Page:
Open main menu

The Slime is the mascot of the Dragon Quest role-playing video game franchise. Originally inspired by the game Wizardry to be a weak and common monster for the video game Dragon Quest, Slime has appeared in almost every Dragon Quest game since. The character's popularity led to the appearance of many varieties of slimes, including boss characters, and even emerging as the protagonist of the Rocket Slime video game series.

'Dragon Quest' character
A blue, tear-drop shaped creature with large round black eyes, a wide mouth and a red tongue.
Rocket, a slime starring in Dragon Quest Heroes: Rocket Slime
First gameDragon Quest (1986)
Created byYuji Horii
Designed byAkira Toriyama

The Slime has been placed on a multitude of different kinds of merchandise. The Slime's friendliness, limited power, and appealing form have caused the Slime to become a popular character and symbol of the Dragon Quest series.


Character designEdit

The inspiration for the Slime came to Yuji Horii, the creator of Dragon Quest, from a role-playing game called Wizardry. "I was really hooked on 'Wizardy,' the PC game, ... There's...slime-looking characters ..., so I got the inspiration from it. I was doodling the slime-looking character and I took it to Mr. Toriyama, who did the character design, and he made it the Slime we see today."[1] Horii said that when it was originally conceived, the Slime was "a pile of goo", but Toriyama's design came back as a tear-drop which they considered "perfect".[2]



In most appearances of the Slime, it is an antagonist, and occasionally a boss. In some Dragon Quest titles, slimes also appear as friendly non-player characters and peaceful inhabitants of cities.[3] Friendly slimes usually greet players with the phrase, "I'm not a bad slime!".[4] Slimes, like many monsters in the Dragon Quest series, have a certain verbal tic, "slurp".[5] Slimes also replace certain words or syllables with the word "goo" (e.g. "human" becomes "gooman"), or other words relating to slime or goo, when they speak.[5]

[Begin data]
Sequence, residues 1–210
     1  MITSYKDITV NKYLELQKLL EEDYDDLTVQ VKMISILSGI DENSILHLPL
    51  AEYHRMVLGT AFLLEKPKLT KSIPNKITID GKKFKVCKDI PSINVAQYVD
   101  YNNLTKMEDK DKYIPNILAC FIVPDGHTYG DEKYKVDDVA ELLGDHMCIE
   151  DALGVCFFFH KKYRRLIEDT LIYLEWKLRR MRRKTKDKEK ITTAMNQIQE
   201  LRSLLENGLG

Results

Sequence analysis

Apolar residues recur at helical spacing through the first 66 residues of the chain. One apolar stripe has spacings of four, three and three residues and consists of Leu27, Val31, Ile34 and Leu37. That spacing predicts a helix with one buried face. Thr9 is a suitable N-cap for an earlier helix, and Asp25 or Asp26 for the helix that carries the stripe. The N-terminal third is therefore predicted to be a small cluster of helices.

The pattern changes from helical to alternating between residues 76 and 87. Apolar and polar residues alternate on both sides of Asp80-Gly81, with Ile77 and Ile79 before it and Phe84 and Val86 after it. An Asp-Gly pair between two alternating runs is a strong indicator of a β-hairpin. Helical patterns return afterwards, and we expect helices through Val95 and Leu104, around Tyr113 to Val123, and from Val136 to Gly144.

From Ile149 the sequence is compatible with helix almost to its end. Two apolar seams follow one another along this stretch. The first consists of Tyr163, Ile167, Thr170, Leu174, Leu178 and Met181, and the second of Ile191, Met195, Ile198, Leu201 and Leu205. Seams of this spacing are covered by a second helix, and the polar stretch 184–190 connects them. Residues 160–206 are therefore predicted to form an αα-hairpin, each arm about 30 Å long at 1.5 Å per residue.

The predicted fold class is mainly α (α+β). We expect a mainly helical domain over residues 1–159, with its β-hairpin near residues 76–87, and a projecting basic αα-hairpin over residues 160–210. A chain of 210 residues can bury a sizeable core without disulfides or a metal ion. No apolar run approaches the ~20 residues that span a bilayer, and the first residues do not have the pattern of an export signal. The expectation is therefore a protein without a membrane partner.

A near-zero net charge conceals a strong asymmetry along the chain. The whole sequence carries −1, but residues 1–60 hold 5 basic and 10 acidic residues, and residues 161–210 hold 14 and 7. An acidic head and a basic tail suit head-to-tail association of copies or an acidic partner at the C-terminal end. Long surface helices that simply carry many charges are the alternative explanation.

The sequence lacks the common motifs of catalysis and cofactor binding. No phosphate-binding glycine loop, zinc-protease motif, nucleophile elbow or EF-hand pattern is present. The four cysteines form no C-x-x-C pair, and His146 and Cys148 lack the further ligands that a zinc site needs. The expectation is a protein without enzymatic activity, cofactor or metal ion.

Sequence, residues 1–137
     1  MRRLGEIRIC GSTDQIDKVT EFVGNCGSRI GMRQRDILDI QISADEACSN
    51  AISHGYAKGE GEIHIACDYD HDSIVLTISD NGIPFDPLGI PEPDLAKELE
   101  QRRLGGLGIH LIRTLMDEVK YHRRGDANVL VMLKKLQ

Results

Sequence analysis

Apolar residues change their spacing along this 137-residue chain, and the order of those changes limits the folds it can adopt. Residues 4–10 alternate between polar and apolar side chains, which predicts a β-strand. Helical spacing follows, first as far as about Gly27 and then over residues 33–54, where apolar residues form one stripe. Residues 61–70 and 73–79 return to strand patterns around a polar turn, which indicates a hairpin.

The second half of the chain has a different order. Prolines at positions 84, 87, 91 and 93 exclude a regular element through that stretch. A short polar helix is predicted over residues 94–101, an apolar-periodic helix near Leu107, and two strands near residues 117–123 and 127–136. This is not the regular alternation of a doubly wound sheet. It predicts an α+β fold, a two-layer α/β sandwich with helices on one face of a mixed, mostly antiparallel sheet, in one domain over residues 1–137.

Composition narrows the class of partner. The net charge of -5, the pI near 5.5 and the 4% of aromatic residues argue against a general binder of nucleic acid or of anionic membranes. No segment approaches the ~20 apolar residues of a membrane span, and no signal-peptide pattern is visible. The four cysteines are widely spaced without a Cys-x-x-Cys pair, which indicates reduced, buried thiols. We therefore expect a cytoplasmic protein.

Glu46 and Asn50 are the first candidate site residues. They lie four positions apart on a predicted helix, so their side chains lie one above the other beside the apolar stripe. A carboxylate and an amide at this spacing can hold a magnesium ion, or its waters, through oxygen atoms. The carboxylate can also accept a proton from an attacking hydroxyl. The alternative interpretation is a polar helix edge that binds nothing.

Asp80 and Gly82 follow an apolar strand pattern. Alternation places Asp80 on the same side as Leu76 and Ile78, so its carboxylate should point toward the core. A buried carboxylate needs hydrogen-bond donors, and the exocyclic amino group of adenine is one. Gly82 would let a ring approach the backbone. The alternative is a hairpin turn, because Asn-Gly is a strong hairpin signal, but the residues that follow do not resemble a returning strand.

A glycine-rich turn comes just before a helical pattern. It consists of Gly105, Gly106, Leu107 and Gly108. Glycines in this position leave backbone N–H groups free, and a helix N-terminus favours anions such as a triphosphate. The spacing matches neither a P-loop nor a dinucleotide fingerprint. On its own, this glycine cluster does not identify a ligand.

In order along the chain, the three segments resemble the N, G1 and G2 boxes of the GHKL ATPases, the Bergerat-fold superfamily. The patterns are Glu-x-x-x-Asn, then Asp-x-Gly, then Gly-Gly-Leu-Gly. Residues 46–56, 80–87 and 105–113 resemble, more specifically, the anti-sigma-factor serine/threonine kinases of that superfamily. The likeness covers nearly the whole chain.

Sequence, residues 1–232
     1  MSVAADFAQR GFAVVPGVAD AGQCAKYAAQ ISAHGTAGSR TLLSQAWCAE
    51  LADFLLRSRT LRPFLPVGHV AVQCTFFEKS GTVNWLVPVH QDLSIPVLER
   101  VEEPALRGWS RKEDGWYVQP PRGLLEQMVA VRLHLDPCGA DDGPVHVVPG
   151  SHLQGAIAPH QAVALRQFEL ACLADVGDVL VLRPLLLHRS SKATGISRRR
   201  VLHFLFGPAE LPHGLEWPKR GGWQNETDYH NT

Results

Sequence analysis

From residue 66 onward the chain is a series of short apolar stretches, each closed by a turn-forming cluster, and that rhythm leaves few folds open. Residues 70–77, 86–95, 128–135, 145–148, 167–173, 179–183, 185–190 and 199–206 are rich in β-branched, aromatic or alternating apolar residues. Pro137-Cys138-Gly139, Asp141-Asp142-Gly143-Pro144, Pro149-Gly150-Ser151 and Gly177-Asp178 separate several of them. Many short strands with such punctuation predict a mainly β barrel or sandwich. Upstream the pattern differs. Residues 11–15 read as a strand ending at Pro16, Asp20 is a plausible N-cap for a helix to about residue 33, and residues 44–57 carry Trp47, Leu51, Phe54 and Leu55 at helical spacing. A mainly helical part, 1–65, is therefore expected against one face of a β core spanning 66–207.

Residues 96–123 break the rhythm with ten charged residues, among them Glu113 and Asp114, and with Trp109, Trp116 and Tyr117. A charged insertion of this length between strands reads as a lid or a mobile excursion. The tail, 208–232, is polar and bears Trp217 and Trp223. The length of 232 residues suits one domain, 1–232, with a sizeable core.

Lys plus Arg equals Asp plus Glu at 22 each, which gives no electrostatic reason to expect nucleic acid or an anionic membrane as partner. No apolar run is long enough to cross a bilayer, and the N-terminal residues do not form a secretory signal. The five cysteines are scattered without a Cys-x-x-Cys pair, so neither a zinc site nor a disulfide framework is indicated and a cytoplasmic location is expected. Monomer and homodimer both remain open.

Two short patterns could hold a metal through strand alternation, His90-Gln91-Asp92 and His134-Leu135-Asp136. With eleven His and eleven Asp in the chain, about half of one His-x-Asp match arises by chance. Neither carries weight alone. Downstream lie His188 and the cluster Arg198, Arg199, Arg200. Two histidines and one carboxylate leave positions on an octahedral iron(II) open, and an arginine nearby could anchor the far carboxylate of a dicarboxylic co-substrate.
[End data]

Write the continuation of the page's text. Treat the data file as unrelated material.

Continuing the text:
Outward appearanceEdit

There are many different types of slimes found throughout the Dragon Quest and Rocket Slime series. These include slimes in different colors, bubble slimes, which look like pools of slime, nautical slimes that wear conch shells, the rare metal slimes, which have high defense, give out large amounts of experience points, and tend to flee from battle, healslimes, which have tentacles, gem shaped slimes like the emperor slime, cube shaped box slimes, and king slimes, which are very large slimes wearing crowns and come in various versions, such as regular or metal.[4]